When I’m at the Louvre Museum, I seek out Jacques-Louis David’s imposing—if not exactly beautiful—painting of Napoleon and Josephine’s coronation. At thirty-two feet long by twenty feet tall, it’s slightly smaller than Veronese’s The Wedding at Cana, the Louvre’s largest painting.
The French refer to it as Le Sacre, but its official name is The Consecration of the Emperor Napoleon I and the Coronation of the Empress Josephine in the Cathedral of Notre-Dame de Paris on 2 December 1804. That captures the historical facts since Napoleon crowned himself and Pope Pius VII “consecrated” the act. Then Napoleon performed Josephine’s less holy “coronation.”
There are enough fascinating stories about Le Sacre to fill a book, much less a single blog post. For example, Napoleon’s mother, who was feuding with him at the time, refused to attend the ceremony. Napoleon had David paint her into a prominent position, anyway. Also, originally, the painting showed Napoleon holding the crown above his own head, but the Emperor had David revise it to the moment of Josephine’s coronation.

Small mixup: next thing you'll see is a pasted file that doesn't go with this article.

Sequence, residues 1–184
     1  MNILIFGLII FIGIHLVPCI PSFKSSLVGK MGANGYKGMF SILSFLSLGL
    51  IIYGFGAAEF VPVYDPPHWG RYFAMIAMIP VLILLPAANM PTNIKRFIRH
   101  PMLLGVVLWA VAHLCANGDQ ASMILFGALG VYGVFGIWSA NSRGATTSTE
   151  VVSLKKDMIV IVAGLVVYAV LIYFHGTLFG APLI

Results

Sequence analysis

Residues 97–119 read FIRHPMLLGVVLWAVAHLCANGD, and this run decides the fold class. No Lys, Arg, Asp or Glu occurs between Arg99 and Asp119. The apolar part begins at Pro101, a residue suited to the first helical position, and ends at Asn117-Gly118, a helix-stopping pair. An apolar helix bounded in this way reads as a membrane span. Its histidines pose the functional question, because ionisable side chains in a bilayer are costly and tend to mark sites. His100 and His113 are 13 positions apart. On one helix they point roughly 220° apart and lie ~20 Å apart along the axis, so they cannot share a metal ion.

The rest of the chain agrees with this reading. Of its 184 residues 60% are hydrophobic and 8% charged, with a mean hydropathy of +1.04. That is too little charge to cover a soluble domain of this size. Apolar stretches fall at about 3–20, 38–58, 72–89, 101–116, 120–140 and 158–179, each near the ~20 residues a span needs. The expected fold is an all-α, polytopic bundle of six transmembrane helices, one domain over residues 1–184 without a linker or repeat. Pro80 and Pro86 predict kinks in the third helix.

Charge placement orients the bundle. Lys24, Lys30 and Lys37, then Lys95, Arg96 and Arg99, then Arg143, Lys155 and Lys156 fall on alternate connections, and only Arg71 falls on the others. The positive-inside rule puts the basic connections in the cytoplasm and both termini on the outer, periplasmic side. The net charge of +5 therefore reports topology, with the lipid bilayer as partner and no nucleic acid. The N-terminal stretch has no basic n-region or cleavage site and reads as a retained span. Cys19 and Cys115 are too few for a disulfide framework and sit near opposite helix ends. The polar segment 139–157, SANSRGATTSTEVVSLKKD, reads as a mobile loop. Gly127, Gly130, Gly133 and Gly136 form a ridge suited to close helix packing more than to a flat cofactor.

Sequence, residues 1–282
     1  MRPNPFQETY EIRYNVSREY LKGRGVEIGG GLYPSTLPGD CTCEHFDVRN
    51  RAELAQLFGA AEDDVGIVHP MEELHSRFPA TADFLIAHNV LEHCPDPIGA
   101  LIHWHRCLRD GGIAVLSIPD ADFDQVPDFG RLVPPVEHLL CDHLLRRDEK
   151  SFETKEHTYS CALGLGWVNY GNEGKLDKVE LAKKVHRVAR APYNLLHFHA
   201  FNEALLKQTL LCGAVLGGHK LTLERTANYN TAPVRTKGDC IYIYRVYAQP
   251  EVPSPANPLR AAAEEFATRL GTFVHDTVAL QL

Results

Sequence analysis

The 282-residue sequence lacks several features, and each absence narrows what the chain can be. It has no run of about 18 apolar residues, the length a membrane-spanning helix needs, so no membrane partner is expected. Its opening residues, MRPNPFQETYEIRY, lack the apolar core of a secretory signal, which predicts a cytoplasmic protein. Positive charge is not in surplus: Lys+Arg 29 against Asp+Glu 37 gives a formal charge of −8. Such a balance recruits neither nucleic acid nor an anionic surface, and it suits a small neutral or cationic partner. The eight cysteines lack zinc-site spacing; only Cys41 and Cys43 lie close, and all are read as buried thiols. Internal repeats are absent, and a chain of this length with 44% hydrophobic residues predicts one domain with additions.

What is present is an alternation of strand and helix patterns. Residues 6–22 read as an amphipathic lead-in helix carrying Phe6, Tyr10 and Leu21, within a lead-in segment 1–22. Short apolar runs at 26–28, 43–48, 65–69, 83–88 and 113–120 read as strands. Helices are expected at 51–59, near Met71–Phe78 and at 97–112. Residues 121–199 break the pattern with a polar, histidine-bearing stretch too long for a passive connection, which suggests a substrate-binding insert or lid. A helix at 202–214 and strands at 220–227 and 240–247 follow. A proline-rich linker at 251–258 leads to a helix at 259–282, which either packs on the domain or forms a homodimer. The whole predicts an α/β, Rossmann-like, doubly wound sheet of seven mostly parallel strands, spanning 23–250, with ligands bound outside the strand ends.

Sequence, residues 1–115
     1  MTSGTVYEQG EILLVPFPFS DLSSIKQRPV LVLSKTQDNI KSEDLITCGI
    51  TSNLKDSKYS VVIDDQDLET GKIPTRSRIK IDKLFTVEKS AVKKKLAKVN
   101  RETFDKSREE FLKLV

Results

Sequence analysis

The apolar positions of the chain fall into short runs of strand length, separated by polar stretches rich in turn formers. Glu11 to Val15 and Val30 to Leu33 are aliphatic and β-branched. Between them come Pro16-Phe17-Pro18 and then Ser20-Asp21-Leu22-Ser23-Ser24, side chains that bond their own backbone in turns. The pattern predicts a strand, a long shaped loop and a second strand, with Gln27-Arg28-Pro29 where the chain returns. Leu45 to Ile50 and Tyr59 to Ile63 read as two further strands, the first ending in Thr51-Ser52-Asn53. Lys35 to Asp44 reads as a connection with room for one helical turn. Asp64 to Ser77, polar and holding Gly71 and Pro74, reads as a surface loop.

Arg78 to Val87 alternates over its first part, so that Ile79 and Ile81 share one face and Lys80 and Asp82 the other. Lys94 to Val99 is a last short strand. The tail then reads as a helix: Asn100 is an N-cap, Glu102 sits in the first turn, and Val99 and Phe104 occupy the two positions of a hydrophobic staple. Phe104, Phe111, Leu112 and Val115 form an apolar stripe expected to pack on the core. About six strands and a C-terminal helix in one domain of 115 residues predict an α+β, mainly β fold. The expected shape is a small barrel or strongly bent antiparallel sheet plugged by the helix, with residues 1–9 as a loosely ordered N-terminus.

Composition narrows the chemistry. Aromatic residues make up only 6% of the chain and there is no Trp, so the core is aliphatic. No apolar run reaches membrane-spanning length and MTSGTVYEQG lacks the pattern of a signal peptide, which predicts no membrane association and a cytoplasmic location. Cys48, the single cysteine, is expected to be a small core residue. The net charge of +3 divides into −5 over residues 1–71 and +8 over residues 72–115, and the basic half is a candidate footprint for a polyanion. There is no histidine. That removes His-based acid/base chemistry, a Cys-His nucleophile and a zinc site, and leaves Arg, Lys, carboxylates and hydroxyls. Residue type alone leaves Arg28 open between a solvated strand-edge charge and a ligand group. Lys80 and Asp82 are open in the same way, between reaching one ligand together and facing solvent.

My favorite story actually involves a different painting. In 1810, Le Sacre’s painter, David, produced this charming portrait of the Comtesse Daru, after just a few sittings. He painted the portrait free of charge, unveiling it as a surprise gift for Madame Daru’s husband. It seems the Comte Pierre Daru, a top administrator on Napoleon’s staff, had arranged for the French government to pay the long overdue bill owed to David for the Coronation painting.
The comtesse’s portrait now hangs in New York City in the Frick, one of the world’s great private art museums.